Students building living 'bio-bots' out of engineered tissues
12 January 2017
Students at UC Merced, on the Tissue Engineering Design course, are learning to build living, walking robots – bio-bots – out of engineered muscle cells.
“Bio-bots have only been around since 2012, so this is really cutting-edge science with multiple technologies — natural materials assembly, 3D printing, genetic engineering, cell patterning and self-assembly, mechanical force generation – all in a micro-scale platform,” Professor Kara McCloskey said. “We are very excited to bring this amazing technology to the students. We’re working with the top engineering institutions in the country, with our students significantly benefiting from these collaborations.”
Students culture the cells in soft, gelatine-like polymers called hydrogels. They pattern the cells in the gel so they will self-assemble into muscle rings, attach the rings to 3D printed “bones” to create the 7mm long, light-responsive bots, and then exercise biological machines to build strength called contractile forces.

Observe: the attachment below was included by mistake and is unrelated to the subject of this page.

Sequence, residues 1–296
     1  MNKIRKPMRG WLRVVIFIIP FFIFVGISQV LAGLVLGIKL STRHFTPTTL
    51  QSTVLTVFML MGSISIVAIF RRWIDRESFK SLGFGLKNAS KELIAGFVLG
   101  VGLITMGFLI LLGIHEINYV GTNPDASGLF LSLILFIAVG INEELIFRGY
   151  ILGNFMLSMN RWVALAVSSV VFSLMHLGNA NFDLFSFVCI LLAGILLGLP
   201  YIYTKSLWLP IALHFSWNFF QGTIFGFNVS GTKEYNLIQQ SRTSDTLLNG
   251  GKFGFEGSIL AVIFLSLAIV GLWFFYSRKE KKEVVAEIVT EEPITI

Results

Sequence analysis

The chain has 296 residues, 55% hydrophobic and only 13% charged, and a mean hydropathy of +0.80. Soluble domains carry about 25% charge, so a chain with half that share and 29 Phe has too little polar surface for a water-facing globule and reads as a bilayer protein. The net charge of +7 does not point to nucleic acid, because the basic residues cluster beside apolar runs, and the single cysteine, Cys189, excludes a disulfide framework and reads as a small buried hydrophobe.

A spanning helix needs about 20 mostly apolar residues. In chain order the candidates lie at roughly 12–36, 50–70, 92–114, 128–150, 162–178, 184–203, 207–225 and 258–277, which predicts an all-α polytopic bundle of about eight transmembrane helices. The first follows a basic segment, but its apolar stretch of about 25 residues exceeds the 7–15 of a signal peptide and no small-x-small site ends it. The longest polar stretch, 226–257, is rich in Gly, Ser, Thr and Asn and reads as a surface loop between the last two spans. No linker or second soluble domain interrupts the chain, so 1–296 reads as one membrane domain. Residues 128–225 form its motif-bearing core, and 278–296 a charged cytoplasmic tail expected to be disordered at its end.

The fact that this construction has been possible demonstrates the ability to forward-engineer functional machines that can have applications in medicine or national defence. With an altered design, the bio-bots could be customised for any type of application.
NSF Graduate Research Fellow Ritu Raman, at UIUC, helped design and co-lecture the course focusing on teaching students how to use 3D printers to design and build their own biological machines. Raman said the work is exciting because bio-bots can be targeted the same applications traditional robots can, but by harnessing the adaptive response behaviours of biological materials, could accomplish more complex functionalities like self-assembly or self-healing.
For more information, visit the UC Merced website.